While national policy has been moving towards a social model of support for decades, sometimes people get ‘stuck’ in institutional settings. One such person was Marcus, who spent 24½ years in a secure hospital unit in Manchester.
During the Covid pandemic, the Home Manager at Mulberry House was approached by a team from the hospital. They wanted to find a new home for Marcus, who is in his forties, autistic and profoundly Deaf. Another person supported at Mulberry House had moved from the same setting several years before, settled in well and is living very happily there.
Specialist d/Deaf support
The team at Mulberry House specialises in supporting people who are deaf or deafblind. They also have the expertise to support people who may have issues with their mental health, who experience periods of emotional stress or may present with behaviours which challenge.
Gary Stubbs, Home Manager, said: “We visited the hospital and met Marcus over the course of a year to get to know him, his history and his situation. On initial assessment, Marcus presented with a few risks that would need further exploration and management. Deaf people with Aspergers can be very direct and to the point and Marcus had said some things in the past that gave cause for concern. However, he had never acted on his threats.”
Overnight visits – to moving in
Gary and the Achieve together Assessment & Placement Team worked collaboratively with Marcus and his funding authority to agree planned overnight visits. This was to see how he got on, give him a chance to meet and spend time with others who lived there and consider any foreseeable risks. He had initial overnight stays for two nights with additional support provided. Gary said: “The visit was a success and Marcus said he had really enjoyed it. The team kept a journal with him of what he had done so that he could reflect on it.”
Although Marcus’ visit was originally meant to be for two nights, the visit went so well that he simply moved in. The home is a registered residential home, however each person supported has their own self-contained space with bathroom and mini kitchen. Despite being very apprehensive at the huge change, Marcus was supported by the team to transition to his new surroundings and lifestyle really quickly.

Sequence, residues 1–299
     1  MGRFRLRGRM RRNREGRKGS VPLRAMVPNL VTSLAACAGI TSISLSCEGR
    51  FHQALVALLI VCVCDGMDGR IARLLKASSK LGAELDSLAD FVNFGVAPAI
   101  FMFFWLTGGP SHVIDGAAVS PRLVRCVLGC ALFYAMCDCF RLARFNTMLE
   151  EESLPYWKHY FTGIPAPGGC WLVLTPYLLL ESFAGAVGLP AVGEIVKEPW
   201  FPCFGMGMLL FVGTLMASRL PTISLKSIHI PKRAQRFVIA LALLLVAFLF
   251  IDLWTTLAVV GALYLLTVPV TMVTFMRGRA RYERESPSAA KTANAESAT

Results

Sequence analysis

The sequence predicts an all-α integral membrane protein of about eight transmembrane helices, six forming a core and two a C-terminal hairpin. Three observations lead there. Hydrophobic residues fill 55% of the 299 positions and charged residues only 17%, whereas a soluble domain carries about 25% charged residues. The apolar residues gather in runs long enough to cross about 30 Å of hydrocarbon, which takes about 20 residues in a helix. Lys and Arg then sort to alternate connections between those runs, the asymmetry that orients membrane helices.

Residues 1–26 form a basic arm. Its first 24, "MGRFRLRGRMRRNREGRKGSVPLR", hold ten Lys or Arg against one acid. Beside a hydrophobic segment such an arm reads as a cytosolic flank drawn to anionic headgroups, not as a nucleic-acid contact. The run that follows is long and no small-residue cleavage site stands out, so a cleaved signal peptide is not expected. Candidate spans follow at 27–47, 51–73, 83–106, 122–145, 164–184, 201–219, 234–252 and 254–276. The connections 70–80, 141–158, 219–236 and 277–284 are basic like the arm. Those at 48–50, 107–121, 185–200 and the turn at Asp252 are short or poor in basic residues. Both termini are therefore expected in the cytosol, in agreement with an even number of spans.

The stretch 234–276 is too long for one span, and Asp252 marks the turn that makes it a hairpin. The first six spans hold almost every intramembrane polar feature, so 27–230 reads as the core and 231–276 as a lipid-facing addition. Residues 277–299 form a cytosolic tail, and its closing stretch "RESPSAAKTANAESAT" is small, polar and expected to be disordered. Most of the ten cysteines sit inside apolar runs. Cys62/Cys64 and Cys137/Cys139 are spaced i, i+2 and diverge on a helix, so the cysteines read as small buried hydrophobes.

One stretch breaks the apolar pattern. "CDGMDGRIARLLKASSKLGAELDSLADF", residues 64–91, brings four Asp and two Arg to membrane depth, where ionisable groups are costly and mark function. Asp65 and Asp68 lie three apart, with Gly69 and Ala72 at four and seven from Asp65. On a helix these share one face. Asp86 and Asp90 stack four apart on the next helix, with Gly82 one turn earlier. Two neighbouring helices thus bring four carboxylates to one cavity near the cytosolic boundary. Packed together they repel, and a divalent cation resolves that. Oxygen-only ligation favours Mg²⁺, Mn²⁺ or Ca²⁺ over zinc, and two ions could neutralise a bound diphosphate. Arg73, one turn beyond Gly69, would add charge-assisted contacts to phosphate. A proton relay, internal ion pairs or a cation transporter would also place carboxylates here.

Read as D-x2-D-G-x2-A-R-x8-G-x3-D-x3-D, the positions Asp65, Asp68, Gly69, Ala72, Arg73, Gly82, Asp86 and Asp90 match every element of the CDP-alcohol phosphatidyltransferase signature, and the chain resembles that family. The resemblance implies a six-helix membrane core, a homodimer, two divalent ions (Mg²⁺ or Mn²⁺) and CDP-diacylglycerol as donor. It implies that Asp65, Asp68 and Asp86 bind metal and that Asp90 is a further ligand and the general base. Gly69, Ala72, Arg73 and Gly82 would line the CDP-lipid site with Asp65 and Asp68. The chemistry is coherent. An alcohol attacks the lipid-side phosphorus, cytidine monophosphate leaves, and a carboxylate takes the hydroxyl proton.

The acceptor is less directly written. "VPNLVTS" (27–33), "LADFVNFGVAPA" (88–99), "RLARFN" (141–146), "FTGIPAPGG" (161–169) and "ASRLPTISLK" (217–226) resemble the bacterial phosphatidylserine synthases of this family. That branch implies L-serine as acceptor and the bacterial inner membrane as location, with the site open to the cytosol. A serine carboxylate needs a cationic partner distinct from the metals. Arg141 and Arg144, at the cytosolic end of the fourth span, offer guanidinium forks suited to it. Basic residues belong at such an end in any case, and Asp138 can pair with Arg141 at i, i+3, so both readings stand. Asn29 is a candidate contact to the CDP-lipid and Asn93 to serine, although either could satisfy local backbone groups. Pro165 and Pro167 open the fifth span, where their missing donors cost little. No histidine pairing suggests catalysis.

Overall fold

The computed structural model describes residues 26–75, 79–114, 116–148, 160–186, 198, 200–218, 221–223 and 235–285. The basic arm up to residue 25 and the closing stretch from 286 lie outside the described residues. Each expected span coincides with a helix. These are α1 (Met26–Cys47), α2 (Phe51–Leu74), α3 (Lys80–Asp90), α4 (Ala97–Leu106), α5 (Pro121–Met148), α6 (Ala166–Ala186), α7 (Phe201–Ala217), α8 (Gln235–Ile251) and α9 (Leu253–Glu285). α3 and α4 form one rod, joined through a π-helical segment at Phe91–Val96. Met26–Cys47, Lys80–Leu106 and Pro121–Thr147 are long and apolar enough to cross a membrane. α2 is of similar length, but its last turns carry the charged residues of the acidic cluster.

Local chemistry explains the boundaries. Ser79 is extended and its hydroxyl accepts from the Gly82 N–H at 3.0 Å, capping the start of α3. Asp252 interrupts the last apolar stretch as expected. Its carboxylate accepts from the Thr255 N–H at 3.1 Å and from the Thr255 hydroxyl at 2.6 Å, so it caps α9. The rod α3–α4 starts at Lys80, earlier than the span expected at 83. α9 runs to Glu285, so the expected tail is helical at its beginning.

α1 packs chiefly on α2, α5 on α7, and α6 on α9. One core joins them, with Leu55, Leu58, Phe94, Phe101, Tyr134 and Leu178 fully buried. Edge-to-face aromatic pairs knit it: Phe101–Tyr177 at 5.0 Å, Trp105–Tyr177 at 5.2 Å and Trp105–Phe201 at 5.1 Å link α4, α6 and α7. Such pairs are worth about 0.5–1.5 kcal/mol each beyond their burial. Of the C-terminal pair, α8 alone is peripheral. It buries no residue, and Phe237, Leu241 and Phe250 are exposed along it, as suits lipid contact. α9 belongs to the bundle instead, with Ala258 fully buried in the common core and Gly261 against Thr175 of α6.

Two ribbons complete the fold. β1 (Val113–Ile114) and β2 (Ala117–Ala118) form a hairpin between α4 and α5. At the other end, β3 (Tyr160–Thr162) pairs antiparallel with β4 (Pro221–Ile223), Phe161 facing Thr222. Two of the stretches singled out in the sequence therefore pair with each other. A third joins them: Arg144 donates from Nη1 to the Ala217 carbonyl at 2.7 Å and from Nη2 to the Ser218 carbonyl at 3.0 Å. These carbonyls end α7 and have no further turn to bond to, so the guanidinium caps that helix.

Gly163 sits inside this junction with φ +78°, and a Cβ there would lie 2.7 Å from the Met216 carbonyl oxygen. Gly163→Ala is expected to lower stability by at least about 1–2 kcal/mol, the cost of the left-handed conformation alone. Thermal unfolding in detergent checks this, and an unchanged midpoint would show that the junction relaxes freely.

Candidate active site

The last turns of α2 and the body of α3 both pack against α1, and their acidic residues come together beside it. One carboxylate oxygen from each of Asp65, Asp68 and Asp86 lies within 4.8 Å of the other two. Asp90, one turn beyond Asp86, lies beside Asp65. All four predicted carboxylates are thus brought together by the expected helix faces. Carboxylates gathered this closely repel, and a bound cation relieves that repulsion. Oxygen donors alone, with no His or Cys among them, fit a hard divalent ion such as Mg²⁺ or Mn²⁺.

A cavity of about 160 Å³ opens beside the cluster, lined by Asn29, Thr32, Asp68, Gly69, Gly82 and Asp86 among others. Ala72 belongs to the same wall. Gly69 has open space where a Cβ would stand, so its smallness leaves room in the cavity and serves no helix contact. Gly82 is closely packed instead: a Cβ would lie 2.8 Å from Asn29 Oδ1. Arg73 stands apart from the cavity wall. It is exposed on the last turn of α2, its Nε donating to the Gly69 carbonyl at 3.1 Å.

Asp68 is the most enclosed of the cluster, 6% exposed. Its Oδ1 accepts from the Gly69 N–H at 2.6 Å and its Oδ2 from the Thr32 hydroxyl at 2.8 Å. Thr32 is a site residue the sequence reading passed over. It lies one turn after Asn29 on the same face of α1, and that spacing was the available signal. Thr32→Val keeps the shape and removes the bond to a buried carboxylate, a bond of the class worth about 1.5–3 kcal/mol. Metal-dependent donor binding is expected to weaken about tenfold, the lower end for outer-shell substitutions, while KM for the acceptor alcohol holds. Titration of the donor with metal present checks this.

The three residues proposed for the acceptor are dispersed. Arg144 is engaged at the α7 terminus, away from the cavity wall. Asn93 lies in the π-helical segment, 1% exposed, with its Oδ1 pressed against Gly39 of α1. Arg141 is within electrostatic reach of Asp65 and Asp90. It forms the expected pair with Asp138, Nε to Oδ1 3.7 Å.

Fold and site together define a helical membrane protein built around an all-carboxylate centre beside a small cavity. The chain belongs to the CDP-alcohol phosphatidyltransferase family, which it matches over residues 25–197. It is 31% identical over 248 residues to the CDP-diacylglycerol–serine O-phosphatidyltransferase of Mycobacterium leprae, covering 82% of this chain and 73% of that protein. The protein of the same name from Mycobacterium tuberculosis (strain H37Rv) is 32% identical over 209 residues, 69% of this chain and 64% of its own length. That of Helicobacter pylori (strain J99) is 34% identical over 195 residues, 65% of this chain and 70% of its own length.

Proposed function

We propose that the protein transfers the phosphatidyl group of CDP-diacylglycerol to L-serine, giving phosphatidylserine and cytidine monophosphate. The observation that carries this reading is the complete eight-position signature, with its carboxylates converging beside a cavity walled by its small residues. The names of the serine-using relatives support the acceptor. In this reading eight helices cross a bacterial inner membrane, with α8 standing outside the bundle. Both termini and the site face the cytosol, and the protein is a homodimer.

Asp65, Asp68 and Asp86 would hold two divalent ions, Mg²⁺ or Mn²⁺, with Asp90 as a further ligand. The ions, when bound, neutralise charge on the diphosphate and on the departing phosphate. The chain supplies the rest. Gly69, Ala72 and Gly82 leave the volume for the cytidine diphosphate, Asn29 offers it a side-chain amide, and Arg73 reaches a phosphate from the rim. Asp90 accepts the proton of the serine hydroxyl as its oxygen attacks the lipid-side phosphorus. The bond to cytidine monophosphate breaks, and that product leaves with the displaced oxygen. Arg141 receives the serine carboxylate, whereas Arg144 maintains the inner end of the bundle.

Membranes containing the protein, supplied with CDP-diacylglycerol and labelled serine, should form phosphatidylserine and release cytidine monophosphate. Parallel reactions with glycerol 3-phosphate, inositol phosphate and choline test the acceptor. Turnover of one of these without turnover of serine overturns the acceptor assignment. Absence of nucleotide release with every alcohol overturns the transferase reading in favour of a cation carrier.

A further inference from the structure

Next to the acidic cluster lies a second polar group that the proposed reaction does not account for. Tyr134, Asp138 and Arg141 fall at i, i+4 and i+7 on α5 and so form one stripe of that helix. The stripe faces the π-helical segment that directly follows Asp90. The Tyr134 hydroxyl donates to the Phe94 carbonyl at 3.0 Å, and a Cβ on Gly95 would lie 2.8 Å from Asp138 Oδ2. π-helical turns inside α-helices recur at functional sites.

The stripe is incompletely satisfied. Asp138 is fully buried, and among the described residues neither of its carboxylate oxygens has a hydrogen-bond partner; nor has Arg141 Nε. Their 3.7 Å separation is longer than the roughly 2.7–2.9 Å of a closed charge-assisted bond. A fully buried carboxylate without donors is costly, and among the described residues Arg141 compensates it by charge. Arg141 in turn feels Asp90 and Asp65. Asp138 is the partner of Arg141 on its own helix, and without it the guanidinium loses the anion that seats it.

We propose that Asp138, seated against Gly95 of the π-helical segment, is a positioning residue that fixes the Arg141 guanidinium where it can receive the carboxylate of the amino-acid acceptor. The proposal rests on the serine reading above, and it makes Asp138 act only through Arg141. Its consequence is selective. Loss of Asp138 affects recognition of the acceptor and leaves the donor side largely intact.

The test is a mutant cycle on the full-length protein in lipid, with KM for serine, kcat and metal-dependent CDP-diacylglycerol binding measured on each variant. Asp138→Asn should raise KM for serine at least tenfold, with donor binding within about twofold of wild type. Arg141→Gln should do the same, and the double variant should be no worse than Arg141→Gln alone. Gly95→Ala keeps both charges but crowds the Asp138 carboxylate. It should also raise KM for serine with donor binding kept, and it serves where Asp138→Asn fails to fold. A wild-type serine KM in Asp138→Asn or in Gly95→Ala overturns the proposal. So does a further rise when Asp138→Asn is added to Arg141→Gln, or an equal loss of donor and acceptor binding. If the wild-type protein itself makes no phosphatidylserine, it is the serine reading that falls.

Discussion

Learning life skills
Having been somewhat institutionalised, Marcus had to reskill himself initially. He was also unused to going out as a result of the restrictions of a secure hospital unit. His support team put a plan in place to help him learn life skills. Gradually he grew in confidence and took responsibilities at his own pace.
Three years on and the specialised support, which uses the Wheel of Engagement Person Centred Framework, means that Marcus is happy to shop and cook for himself and do his own cleaning with support. On arrival, he had an extensive list of things he didn’t like, but this this has gradually reduced as he gains more life experience and exposure to the world.
Marcus has been able to manage his emotions well. With the specialist support offered by the team he has been able to use positive coping strategies in the main. This has meant that he has been able to successfully live in the community again.
Out and about
The novelty of freedom and independence hasn’t worn off for Marcus. He continues to enjoy spending time being a part of his local community. His social worker recently commented: “It’s lovely to see him on good form and very exciting to hear that he’s going out. Marcus’ progress really is a reflection of how your staff team have supported him to reduce his need on others. Well done!”
Whilst he prefers his own company a lot of the time, often spending evenings in his flat, he attends seasonal events such as the Christmas carol concert in British Sign Language. He also goes out to local deaf events independently or with team members.
Marcus comments: “I have had my ups and downs, but I’m very happy that I’ve moved to Mulberry House and I think it’s the right place for me.”
*Name has been changed to protect identity